Sheriff: Inmate's 'red flag' petition against deputies shows issue with law

An inmate filed a petition against the deputies working in the jail in an attempt to have their non-lethal weapons removed


Trevor Reid
Greeley Tribune

WELD COUNTY, Colo. — Weld County Sheriff Steve Reams has been one of the most vocal critics against red flag laws since Colorado legislators started considering it in 2019.

When he learned an inmate in the Weld County Jail used the law to ask a judge to remove weapons from Reams and a unit in the jail, he was frustrated to see it being abused in the ways he warned against.

Weld County Sheriff Steve Reams listens to testimony before the board of commissioners voted to become a Second Amendment Sanctuary County. (Photo/TNS)
Weld County Sheriff Steve Reams listens to testimony before the board of commissioners voted to become a Second Amendment Sanctuary County. (Photo/TNS)

On Feb. 25, Weld District Chief Judge James Hartmann reviewed and denied a temporary extreme risk protection order filed by an inmate of the jail. Reams learned of the petition later that day, when Hartmann forwarded him the dismissal. The inmate will not be named at the request of Reams due to a concern the inmate is seeking notoriety through frivolous complaints.

Deputies “carry shotguns inside the jail intimidating and excessively abusing inmates with these shotguns,” the inmate wrote in the complaint. “These deputys (sic) carry these deadly weapons 24 hours a day patrolling the floors of this jail intimidating and threatening people for the most minor things.”

The “shotguns” the inmate referenced are actually less-than-lethal weapons used by a specialized team of deputies in the jail for situations with enhanced security risks. Hartmann determined the inmate failed to show the deputies posed “a significant risk of causing personal injury to self or others in the near future.”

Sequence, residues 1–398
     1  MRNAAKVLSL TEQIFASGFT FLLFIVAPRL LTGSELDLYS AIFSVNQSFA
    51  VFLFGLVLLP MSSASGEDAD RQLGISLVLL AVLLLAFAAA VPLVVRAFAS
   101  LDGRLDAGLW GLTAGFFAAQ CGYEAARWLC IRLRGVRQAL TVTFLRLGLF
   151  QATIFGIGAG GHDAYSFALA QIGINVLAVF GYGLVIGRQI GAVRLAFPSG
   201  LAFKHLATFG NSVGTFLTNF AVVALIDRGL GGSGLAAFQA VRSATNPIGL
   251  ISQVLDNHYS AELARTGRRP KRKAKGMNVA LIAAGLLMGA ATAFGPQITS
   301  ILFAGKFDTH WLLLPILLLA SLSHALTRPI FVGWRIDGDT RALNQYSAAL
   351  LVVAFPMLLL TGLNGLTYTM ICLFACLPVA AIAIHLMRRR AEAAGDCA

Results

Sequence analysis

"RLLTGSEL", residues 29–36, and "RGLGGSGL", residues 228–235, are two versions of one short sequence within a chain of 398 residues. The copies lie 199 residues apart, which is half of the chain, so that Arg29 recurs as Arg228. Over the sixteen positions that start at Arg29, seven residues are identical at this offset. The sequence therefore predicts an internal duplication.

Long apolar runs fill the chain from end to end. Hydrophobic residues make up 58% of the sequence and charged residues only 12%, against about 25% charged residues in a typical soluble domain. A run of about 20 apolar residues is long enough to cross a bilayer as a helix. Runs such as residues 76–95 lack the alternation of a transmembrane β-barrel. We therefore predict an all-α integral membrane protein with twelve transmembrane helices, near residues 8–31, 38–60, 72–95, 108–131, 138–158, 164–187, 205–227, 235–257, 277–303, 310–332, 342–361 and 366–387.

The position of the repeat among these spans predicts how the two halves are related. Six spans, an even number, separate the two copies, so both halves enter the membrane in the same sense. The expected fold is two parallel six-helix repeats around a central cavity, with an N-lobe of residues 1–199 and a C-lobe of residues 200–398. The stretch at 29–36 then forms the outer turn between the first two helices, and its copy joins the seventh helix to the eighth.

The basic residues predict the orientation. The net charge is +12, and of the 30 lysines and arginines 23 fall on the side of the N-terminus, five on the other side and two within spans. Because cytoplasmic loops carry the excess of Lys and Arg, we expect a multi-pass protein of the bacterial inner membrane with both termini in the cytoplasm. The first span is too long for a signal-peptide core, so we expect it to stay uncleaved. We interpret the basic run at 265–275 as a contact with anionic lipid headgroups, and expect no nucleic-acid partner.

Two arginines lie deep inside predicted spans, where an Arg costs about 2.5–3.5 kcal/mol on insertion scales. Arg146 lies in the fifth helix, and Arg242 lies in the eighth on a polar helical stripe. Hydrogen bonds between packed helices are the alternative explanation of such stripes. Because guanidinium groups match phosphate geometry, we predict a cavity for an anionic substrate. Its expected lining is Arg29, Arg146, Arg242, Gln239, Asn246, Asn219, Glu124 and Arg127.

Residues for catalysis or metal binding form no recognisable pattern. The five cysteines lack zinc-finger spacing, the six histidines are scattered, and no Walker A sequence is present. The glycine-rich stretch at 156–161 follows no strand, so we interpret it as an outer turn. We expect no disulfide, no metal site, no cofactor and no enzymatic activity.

The law allows family members, roommates or law enforcement to petition courts for an extreme risk protection order. The inmate claimed he regularly resides with Reams and the jail deputies, a question Hartmann did not address. Reams said they’re reviewing the petition front and back to see if any criminal charges apply.

When a Fort Collins woman filed a petition against a Colorado State University police officer and falsely said they shared a child together, police issued an arrest warrant on suspicion of perjury, The Denver Post reported.

[Read: The dangers posed by red flag laws]

“I don’t know that the law doesn’t allow for him to use that interpretation,” Reams said. “I don’t know that I could say he perjured himself at this point based on how poorly this law is written.”

The inmate has a history of filing complaints about the jail since his arrest in May 2016. His two ongoing court cases in Weld County have been delayed by mental competency evaluations and mental health commitment in March 2018, according to online court records.

The inmate wrote to the U.S. Attorney’s Office in March 2018 that a fellow inmate was shot “at least seven times” in October 2017, prompting an inquiry. Reams said he wasn’t aware of any progress on the inquiry, and a spokesman for the U.S. Attorney’s Office did not return a call seeking updates.

Despite the complaint, Reams said, employees of the jail have not had to use any force against the inmate.

Reams said he wasn’t sure why the inmate filed the petition, but he said he’d like to see the inmate’s court cases completed, so the inmate would no longer be in his facility.

“He’s very frustrated with being in the facility. He’s been there for quite some time,” Reams said. “He’s definitely entertained himself with letter writings to whomever will listen.”

Reams said he will not enforce any red flag orders sent to his office, on the basis that he interprets the law to be unconstitutional. Though advocates for the law may say the judge’s dismissal shows there are safeguards in place, Reams said things could have played out differently.

“It was probably fortunate in the way (the inmate) is well known to the court system here, so that probably raised a few red flags,” he said. “Had it been any other inmate or judge who was not necessarily aware of (the inmate) or the environment that he comes from, I don’t know that the outcome would have been the same.”

McClatchy-Tribune News Service
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